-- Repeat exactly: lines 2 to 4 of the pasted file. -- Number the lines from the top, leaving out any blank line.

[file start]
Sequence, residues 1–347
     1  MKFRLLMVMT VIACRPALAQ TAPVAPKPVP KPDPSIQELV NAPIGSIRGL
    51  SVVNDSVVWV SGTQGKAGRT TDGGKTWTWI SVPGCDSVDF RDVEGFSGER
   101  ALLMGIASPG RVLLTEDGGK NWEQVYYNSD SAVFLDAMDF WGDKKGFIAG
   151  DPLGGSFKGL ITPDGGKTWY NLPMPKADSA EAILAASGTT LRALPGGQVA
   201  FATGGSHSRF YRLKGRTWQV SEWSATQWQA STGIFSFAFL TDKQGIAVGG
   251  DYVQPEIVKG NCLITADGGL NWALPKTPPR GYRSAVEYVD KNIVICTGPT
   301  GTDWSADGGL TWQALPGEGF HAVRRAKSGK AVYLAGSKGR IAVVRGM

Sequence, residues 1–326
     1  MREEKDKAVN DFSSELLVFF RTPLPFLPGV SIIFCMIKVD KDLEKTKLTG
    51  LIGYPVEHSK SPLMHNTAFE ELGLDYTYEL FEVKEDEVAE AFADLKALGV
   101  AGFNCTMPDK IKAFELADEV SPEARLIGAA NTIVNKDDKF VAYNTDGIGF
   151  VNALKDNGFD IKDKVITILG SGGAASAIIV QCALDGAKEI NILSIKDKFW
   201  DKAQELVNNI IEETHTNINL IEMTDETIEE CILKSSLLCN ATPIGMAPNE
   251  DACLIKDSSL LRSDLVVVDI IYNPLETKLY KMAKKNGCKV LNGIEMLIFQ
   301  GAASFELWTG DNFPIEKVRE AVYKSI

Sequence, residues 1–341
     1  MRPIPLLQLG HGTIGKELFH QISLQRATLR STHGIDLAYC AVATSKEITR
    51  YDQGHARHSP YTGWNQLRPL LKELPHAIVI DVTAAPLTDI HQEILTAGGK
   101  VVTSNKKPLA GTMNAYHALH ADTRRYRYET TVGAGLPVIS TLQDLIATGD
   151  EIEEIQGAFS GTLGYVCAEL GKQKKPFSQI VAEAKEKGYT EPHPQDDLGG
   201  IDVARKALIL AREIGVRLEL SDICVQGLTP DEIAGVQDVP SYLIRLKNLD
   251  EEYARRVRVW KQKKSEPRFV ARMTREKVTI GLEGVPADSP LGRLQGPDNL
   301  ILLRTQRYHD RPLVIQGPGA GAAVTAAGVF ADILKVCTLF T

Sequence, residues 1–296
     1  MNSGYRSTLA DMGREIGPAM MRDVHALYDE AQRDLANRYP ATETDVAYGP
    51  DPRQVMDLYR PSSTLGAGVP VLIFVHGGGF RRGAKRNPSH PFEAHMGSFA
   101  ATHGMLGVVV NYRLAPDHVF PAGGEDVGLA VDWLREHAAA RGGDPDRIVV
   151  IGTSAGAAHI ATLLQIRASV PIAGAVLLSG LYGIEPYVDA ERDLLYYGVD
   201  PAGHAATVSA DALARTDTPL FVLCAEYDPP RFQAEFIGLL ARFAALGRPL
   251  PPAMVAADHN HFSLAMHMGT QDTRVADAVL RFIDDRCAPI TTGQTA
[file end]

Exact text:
     1  MKFRLLMVMT VIACRPALAQ TAPVAPKPVP KPDPSIQELV NAPIGSIRGL
    51  SVVNDSVVWV SGTQGKAGRT TDGGKTWTWI SVPGCDSVDF RDVEGFSGER
   101  ALLMGIASPG RVLLTEDGGK NWEQVYYNSD SAVFLDAMDF WGDKKGFIAG